For more information on this study, please contact Erika Ziller, PhD
Suggested Citation: Ziller EC, Lenardson JD, Burgess AR. The Role of Public Versus Private Health Insurance in Ensuring Health Care Access & Affordability for Low-Income Rural Children. Portland, ME: University of Southern Maine, Muskie School of Public Service, Maine Rural Health Research Center; January, 2017. PB-67.
Maine Rural Health Research Center FAQ
In an effort to inform and promote local discussions and strategic planning for transforming health and healthcare in rural communities, the Maine Health Access Foundation commissioned the Maine Rural Health Research Center to develop five issue briefs profiling innovative approaches to rural health. The briefs present innovative approaches from Maine and other parts of the United States to the provision of behavioral health services, recruitment and retention of health care workers, service delivery, governance, and health care payment and financing in rural areas. Examples of innovative approaches profiled in the briefs include: the use of new health workers such as community paramedics and community health workers, rural-focused medical education models, alternative models of emergency care, telehealth, care coordination initiatives, Accountable Care Organizations, and Medicaid Accountable Communities.
The aim of these briefs is to assist rural communities and regions to proactively envision and develop strategies for transforming rural health in the state. In preparing these briefs the Maine Rural Health Research Center consulted experts, interviewed key informants, and reviewed the professional and research literature to find robust and innovative models and strategies that could be replicated in rural Maine.
Burgess A, Coburn A. Innovations in Rural Health System Development: Maine’s Behavioral Health Services. Portland, ME: University of Southern Maine, Muskie School of Public Service, MaineRural Health Research Center; November 2016.
Burgess A, Coburn A. Innovations in Rural Health System Development: Recruiting and Retaining Maine’s Health Care Workforce. Portland, ME: University of Southern Maine,Muskie School of Public Service, Maine Rural Health Research Center; November 2016.
Burgess A, Coburn A. Innovations in Rural Health System Development: Service Delivery Advances in Care Coordination, Emergency Care, and Telehealth. Portland, ME: University of SouthernMaine. Muskie School of Public Service, Maine Rural Health Research Center; November 2016.
Kahn-Troster S, Coburn A. Innovations in Rural Health System Development: Governance. Portland, ME: University of Southern Maine, Muskie School of Public Service, Maine RuralHealth Research Center; November 2016.
Kahn-Troster S, Coburn A. Innovations in Rural Health System Development: Moving Rural Health Systems to Value-Based Payment. Portland, ME: University of Southern Maine, Muskie School of Public Service, Maine Rural Health Research Center; November 2016.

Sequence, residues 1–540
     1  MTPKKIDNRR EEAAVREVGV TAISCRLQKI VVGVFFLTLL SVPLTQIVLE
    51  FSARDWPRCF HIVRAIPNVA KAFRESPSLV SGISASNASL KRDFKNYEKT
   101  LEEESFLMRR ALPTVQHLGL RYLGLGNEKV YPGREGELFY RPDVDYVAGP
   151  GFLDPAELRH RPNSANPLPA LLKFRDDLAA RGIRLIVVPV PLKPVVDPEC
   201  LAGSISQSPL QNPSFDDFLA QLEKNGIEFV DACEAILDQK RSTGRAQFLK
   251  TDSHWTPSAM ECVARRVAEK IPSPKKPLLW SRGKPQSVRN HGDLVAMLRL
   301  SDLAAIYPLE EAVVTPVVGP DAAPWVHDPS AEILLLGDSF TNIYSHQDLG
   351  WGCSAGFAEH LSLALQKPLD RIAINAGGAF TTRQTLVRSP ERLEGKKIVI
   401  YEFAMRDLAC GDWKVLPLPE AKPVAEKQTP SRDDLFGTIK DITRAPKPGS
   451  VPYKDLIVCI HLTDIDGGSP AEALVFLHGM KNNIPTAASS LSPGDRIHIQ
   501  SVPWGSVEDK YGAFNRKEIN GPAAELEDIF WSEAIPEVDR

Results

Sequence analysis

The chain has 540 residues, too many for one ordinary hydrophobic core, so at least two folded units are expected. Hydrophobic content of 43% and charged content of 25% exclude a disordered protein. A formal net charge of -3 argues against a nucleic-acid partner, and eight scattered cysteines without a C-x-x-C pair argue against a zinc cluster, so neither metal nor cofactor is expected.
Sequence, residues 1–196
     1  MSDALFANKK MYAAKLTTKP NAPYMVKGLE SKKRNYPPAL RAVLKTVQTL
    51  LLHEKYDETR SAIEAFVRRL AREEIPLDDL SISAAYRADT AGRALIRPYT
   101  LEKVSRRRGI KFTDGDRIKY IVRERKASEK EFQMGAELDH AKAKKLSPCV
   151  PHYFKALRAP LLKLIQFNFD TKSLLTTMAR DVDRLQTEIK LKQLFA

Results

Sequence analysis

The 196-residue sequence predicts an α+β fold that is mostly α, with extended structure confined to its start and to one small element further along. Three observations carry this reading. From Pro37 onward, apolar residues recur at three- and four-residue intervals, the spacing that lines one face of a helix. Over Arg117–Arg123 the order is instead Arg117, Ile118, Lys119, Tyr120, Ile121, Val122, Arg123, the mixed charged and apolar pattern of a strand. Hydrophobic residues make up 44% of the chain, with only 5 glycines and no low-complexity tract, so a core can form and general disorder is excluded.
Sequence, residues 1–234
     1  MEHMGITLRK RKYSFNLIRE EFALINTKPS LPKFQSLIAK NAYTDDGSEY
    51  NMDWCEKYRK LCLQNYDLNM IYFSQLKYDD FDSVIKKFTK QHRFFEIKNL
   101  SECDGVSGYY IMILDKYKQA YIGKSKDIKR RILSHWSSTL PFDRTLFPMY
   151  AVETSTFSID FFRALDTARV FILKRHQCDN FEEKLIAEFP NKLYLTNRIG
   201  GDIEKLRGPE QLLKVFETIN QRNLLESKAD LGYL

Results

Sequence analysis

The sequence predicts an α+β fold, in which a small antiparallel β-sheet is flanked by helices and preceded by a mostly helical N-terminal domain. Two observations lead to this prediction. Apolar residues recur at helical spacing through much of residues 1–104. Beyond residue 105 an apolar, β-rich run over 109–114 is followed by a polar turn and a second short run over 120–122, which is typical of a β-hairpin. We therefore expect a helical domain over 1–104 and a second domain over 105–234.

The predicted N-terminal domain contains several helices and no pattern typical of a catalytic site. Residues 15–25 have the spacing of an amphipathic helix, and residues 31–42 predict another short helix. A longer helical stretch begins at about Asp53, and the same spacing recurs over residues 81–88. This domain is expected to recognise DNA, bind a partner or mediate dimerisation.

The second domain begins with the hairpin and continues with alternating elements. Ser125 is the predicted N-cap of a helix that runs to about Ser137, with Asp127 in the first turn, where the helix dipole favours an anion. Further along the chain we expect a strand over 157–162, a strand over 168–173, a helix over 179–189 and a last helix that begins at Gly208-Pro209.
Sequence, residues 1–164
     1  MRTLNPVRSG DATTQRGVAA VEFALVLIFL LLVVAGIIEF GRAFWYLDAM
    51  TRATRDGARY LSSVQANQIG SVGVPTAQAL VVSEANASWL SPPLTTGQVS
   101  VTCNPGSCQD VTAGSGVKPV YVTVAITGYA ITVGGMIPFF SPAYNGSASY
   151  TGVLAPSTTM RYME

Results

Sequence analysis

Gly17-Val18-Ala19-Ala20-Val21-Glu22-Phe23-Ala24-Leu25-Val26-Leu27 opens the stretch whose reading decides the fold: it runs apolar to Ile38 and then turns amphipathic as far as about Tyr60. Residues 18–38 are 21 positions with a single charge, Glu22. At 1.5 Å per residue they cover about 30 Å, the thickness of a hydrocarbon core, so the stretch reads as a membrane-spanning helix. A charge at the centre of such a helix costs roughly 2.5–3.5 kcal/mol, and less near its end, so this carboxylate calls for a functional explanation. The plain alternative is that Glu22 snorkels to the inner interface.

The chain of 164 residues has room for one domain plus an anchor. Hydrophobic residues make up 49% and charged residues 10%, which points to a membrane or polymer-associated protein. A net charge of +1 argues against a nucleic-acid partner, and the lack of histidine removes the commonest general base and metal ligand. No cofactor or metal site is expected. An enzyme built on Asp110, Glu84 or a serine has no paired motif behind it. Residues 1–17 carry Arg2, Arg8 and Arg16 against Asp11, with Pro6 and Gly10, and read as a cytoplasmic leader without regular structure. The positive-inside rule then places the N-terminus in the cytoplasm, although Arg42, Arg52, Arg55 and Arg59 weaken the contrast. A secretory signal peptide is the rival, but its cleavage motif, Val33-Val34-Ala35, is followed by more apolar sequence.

Created by the Affordable Care Act (ACA), Consumer Operated and Oriented Plans (CO-OPs) are private, non-profit health insurers that were designed to increase insurance plan choice and lower premiums in the Health Insurance Marketplaces. Early analyses of the ACA suggested that CO-OPs may be particularly beneficial for rural communities, where fewer individual and small group health insurance options have traditionally been available.
This Research and Policy Brief, authored by research staff at the Maine Rural Health Research Center, explores the early availability and role of CO-OPs in rural and urban counties. We describe the regional distribution and market prevalence of CO-OP products in rural and urban counties and compare the number of products available in counties with and without CO-OP plans in 2014 and 2015. We also examine the proportion of lowest cost silver products for 27 year olds offered by CO-OPs in both years. To better understand the impact of CO-OP closures on consumer choice in the 2016 Marketplaces, we examine how these closures may have affected the prevalence of CO-OP products in rural versus urban counties and overall product availability.
- CO-OPs represented a larger overall share of Marketplace products available in rural versus urban counties in 2014 and 2015.
- From 2014 to 2015, CO-OP products increased in absolute numbers and grew modestly as a proportion of offerings in both rural and urban counties.
- In 2014 and 2015, CO-OPs were more likely to offer the lowest cost silver product available for purchase in rural counties than in urban counties.
- Recent closures of CO-OPs are likely to disproportionately reduce product availability in rural counties.
Ziller EC, Croll Z, Coburn A. Health Insurance CO-OPs: Product Availability and Premiums in Rural Counties. Portland, ME: University of Southern Maine, Maine Rural Health Research Center; October, 2016. PB-66.